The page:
Jesus’s birth and circumstances at the beginning of his life will set the stage for the tragedy and sorrow that will end his life. It will define the purpose and intent of healing and good news that Jesus will proclaim during his life. The events described in Matthew’s infancy narrative reflect a deep and horrific truth that we would rather ignore and have never understood. That truth is known as theodicy or the problem of evil and suffering. If God is omnipotent, why does he allow evil and suffering to exist? I cannot begin to answer that question in any terms that might be considered satisfactory or acceptable. But there are ways to think about suffering and evil in the world that might help.
The Scriptures are full of suffering. They do not try to deny it, nor do they attempt to fix evil and suffering in the world. Instead, the Scriptures help us to see how God is working in the midst of evil and suffering. God does not take; God receives. Evil and suffer are never associated with fairness and always associated with pain, but suffering can bring about graces we might never have imagined. It can illuminate gifts we did not know we possessed and become a transformative experience. When we suffer, we become acutely aware of the sufferings of others. That realization changes us, it draws from a place of empathy deep within our souls and helps us to understand and live into our relationships more fully and more carefully causing us to be less self-focused and more considerate of another’s needs. We can know a deeper sense of God’s providence”that long arc of the Advent perspective that we are heading somewhere, heading toward the consummation of history”that we would not have known had we not known suffering, because that deep sense of providence cannot be learned when things are good.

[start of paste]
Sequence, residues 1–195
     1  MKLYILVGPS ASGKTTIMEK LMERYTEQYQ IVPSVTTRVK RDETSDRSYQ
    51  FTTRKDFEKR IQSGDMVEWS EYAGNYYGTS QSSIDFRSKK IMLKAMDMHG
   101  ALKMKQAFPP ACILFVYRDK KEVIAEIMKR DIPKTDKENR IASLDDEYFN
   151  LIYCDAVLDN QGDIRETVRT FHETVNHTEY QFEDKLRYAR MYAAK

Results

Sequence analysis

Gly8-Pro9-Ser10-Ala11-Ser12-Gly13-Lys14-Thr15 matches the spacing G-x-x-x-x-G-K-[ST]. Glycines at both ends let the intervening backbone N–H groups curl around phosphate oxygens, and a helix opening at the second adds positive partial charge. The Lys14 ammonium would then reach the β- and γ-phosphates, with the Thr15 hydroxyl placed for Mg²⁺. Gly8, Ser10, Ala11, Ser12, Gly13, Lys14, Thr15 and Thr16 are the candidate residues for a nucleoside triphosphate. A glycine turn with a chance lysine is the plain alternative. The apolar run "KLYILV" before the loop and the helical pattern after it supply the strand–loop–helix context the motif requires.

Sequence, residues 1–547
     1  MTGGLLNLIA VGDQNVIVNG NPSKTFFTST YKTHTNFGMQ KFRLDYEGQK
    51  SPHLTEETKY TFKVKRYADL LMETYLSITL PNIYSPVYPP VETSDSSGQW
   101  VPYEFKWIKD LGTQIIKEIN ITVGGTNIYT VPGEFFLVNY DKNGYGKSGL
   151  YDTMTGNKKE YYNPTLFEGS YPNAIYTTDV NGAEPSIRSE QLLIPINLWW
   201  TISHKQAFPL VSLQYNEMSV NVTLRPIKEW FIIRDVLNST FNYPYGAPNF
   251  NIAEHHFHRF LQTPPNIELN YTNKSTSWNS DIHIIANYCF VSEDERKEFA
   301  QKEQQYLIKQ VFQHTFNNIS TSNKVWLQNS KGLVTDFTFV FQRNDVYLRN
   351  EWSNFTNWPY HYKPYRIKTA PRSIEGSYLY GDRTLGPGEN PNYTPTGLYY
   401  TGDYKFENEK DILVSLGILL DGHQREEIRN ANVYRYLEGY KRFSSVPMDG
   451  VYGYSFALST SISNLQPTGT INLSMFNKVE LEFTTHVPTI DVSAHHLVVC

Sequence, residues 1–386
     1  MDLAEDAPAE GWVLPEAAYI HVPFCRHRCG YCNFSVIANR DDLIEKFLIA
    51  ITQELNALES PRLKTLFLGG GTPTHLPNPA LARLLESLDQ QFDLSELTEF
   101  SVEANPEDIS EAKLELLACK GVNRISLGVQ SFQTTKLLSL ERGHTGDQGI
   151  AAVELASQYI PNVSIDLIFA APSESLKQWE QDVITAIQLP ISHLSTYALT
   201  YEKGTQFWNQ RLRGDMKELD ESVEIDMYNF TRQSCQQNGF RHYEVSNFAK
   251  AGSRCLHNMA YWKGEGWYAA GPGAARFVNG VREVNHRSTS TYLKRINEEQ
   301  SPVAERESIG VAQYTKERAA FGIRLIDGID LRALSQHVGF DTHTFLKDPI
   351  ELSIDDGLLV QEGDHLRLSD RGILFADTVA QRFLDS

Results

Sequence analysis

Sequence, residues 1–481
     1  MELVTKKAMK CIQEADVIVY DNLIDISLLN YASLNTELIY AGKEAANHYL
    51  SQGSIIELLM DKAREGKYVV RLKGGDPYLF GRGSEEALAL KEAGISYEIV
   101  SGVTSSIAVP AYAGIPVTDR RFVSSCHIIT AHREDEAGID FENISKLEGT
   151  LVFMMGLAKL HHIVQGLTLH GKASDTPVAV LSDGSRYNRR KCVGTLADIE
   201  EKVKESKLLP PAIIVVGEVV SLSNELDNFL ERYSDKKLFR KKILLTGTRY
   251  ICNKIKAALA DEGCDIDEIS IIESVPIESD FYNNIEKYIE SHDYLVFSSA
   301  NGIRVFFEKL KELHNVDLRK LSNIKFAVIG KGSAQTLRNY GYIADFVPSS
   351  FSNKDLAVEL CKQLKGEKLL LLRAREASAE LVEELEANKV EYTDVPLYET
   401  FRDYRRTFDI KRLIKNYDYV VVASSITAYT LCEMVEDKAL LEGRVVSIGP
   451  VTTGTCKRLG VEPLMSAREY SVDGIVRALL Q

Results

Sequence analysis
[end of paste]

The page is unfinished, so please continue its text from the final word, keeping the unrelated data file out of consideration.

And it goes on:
There are creative and spiritual aspects within suffering that neither negate nor surpass the actual suffering. Take Beethoven. As Beethoven became increasingly deaf, he seemed to hear with an inner ear the deeper strains of melody that would lead to his greatness. His most impressive compositions were written after his deafness, a severe limitation for a composer. There is either a great irony in that or recognition that God works through us, even in our suffering, to find good. Maybe that is what divine providence is really all about.